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Discussion Starter #1
I don't know where to start. I'm 57 years young and wanting to ride a horse form Westminster, MD to Deep Creek Lake, about 180 miles. I never owned a horse but did ride alot when I was younger. I weigh 300 lbs but am in good shape for my weight. What kind and size of horse would I need to make such a trip and how long do you think it should take? I am wanting to do this in the spring while it is cool at nite and 55 or so during the day. I am trying to plan this so very little of the ride will be on paved surfaces. I'm guessing I would need a pack animal to carry tent, food, sleeping gear, etc.

Any help would be appreciated.

Thanks
Paul
 

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A draft or draft cross sounds like it would be good for you. They're usually very hardy and would probably be well suited for long trail rides. That is, as long as you're not galloping them all the way. In my experience, drafts can keep walking all day long, but they can wear out quickly if you do a lot of cantering/galloping. I guess it also depends on how physically fit they are.
 

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Discussion Starter #4
My youngest son (21) is going to go with me and maybe my brother (54). I figured it would be too boring going alone but if they skink me I will go alone.

Is there a place to rent or lease horses for this trip? I will buy if needed but don't really want to.
 

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Do you mean Buy as in, buy a horse? Because what are you going to do with it after that?
I'd say, find some stables and e-mail/Call them and perhaps ask that, when they go for a long trail if there's a possibilty you can join :)
Because even if you rode when you were younger, how long was that ago?
And will be able to stop your horse if it spooks?

It's a lot to consider, and even though I think you should go for it, make sure to prep good beforehand! :D
Good luck!
 

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I used to ride as a very young child. I wasn't able to for years. Last year (at 32 years of age) I got a horse. I hadn't done any riding since I was a child and when I first started riding again, I wasn't balanced, I found it difficult to mount and was easily separated from my horse :lol: (a good spook would do it). Not only that, after my first day in the saddle, I was extremely sore. I say get used to riding again before you make that kind of trip, but it sounds like a lot of fun. Wish I were going with you! Oh yeah and make sure the horse is fit for such a trip! You will need a pack animal and somebody will need a horse comfortable with ponying. I also think you should make sure and take emergency supplies and a hoof pick! Also, take water cause I have been on long trails where there where very few watering holes for the horses. Good luck!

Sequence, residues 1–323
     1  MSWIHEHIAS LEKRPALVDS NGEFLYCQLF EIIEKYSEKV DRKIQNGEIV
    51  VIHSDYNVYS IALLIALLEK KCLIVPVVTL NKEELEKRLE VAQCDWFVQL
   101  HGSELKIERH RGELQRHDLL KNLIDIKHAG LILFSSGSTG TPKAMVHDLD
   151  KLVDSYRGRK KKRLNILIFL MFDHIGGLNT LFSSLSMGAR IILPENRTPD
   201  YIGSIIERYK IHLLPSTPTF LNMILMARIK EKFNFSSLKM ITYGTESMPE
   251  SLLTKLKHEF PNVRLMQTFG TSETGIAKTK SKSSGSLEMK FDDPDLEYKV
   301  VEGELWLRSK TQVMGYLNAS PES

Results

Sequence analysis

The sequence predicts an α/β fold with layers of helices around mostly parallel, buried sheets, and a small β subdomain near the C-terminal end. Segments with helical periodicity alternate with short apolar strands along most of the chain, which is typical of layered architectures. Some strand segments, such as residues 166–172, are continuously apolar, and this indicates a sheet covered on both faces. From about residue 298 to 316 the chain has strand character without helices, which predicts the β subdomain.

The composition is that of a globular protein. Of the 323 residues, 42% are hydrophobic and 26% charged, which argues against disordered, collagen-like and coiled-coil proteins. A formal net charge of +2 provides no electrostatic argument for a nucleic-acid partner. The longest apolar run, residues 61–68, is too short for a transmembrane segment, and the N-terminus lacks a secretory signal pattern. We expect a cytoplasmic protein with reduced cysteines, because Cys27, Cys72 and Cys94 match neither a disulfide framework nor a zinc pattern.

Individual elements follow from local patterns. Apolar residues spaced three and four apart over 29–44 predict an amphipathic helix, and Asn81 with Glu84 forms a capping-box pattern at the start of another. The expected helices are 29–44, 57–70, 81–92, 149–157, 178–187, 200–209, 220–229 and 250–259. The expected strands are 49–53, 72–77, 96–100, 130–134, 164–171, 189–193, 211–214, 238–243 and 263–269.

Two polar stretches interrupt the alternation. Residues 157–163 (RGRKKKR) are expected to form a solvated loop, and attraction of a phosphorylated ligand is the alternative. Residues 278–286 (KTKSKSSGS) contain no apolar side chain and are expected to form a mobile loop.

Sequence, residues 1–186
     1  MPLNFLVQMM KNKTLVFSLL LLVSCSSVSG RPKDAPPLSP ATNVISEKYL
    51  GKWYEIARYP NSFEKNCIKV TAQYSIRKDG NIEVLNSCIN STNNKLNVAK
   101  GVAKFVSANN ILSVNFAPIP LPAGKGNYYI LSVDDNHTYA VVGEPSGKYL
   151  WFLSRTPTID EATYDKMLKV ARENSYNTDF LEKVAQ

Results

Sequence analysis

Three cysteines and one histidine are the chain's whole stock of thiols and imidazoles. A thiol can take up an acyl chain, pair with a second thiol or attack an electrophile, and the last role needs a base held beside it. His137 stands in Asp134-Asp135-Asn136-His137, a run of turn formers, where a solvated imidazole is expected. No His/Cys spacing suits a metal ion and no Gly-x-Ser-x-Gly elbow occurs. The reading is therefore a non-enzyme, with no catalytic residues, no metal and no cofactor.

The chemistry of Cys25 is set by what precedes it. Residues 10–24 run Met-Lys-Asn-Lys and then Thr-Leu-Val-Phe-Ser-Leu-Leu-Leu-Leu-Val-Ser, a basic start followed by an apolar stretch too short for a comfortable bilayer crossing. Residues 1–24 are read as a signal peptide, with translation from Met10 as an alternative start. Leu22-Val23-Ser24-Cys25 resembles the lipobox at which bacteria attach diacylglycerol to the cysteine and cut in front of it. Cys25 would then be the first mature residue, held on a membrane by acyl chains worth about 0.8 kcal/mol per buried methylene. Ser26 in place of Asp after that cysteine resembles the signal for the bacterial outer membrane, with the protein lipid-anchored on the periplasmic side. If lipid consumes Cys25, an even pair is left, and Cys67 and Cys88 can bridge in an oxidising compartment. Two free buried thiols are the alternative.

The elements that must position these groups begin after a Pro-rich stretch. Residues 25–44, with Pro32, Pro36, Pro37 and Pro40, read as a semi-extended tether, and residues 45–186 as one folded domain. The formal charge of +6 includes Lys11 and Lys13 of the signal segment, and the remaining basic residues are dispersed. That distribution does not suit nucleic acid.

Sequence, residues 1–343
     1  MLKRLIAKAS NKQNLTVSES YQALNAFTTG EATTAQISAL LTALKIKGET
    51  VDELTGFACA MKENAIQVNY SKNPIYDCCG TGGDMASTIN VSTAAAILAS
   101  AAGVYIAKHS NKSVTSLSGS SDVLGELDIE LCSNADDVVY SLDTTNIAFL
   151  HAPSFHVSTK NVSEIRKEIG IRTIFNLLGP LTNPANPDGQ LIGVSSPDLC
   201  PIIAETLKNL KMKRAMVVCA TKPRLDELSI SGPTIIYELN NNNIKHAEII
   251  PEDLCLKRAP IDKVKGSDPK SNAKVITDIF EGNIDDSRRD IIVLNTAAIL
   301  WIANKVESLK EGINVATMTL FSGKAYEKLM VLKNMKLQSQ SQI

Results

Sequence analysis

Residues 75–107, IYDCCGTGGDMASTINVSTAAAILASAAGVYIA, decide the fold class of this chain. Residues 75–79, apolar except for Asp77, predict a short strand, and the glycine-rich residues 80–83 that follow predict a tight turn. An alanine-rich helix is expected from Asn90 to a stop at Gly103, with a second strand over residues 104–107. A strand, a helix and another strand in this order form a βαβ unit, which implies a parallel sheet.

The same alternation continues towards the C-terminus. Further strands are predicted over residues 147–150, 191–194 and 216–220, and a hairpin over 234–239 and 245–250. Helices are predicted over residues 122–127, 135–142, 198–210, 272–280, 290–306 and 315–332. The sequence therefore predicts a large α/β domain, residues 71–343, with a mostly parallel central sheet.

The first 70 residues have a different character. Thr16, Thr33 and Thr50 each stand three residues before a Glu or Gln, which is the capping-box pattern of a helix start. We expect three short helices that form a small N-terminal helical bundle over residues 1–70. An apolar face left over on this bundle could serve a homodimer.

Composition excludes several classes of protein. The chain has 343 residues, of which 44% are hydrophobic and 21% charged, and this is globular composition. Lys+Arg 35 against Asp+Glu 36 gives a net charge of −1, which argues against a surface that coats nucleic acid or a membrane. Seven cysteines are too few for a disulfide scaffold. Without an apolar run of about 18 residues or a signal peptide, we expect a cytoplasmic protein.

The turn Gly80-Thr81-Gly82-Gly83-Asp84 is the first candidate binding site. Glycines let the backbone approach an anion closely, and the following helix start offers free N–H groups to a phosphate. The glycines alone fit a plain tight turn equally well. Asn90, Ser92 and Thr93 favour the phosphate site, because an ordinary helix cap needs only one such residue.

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Discussion Starter #8
I am still in the planning stages and need to know a lot of info before finalizing the route. How far can a horse travel, in temps about 65 F, between watering holes? The local area has water everywhere, ponds and streams. The farther out we get the less frequent the watering holes, there is a southern route I can take where there is more water.
 

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It depends on the horse, how strenuous of a pace you are going, etc.
I also would recommend a heavier built horse and a horse that is in shape. Learn how to read your horses vital signs. Talk to a vet in order to learn how to perform basic first aide should you need it. 180 miles isn't terribly far, but it's important to be in shape.
Like others, I would recommend you get some riding in before you go out on your trip. A long day in the saddle won't be too comfortable if you're not used to it. On this note, you may want to figure out what type of saddle you want for the horse (aussie? endurance? western? etc) what kind of clothing you will be wearing etc (I hate jeans on long rides). I would invest in some easy boots should your horse step wrong.

As far as renting a horse, I know there is place out here which you can lease a horse for a season. Lots of hunters lease instead of buying a horse. Not sure if there is anything like that over there or if they have any requirements for level of riding ability, etc to lease.
 

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Also you will need to plan for acquiring and transporting sufficient horse feed along with you (hay, complete pellet, grain-- whatever the horse has been eating prior to the trip) as you probably won't be able to count on enough time/available grazing for the horses on the trip to get enough nutrition and calories for their workload just from grass, especially if it is early spring.
 

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Discussion Starter #11
OK I've done some checking around. Most folks tell me they're horses are not up to such a trip. I am also being told to look for a Halflinger, Mustang, or Stout Morgan to make the trip. I have looked into watering holes and feed along the way. There are lots of folks that allow feeding and watering at there farms just to see someone make the trip. Most folks act like this is unheard of these days. Someone had ask about me buying the horse, I've been giving this a lot of thought. There is a local girl who would love to be able to take care of a horse that she could ride when ever she felt like it. She is graduating from college soon, majoring in horse breeding, I forget the techical term. Anyway I have a place to keep a horse or two and barn space.
 
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